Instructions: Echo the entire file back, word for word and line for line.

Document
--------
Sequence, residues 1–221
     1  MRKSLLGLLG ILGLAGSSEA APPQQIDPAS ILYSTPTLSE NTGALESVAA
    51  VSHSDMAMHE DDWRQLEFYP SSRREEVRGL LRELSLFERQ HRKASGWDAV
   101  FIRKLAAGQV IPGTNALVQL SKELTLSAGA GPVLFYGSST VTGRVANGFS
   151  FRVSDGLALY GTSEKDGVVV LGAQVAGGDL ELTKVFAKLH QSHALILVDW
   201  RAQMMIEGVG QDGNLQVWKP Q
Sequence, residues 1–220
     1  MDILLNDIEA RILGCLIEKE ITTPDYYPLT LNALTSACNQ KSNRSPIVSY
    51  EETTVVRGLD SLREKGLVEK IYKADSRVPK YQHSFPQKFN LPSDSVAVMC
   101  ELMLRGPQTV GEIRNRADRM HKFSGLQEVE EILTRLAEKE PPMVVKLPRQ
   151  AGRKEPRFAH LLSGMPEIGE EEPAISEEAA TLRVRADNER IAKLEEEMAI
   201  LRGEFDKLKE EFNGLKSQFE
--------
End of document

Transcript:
Sequence, residues 1–221
     1  MRKSLLGLLG ILGLAGSSEA APPQQIDPAS ILYSTPTLSE NTGALESVAA
    51  VSHSDMAMHE DDWRQLEFYP SSRREEVRGL LRELSLFERQ HRKASGWDAV
   101  FIRKLAAGQV IPGTNALVQL SKELTLSAGA GPVLFYGSST VTGRVANGFS
   151  FRVSDGLALY GTSEKDGVVV LGAQVAGGDL ELTKVFAKLH QSHALILVDW
   201  RAQMMIEGVG QDGNLQVWKP Q
Sequence, residues 1–220
     1  MDILLNDIEA RILGCLIEKE ITTPDYYPLT LNALTSACNQ KSNRSPIVSY
    51  EETTVVRGLD SLREKGLVEK IYKADSRVPK YQHSFPQKFN LPSDSVAVMC
   101  ELMLRGPQTV GEIRNRADRM HKFSGLQEVE EILTRLAEKE PPMVVKLPRQ
   151  AGRKEPRFAH LLSGMPEIGE EEPAISEEAA TLRVRADNER IAKLEEEMAI
   201  LRGEFDKLKE EFNGLKSQFE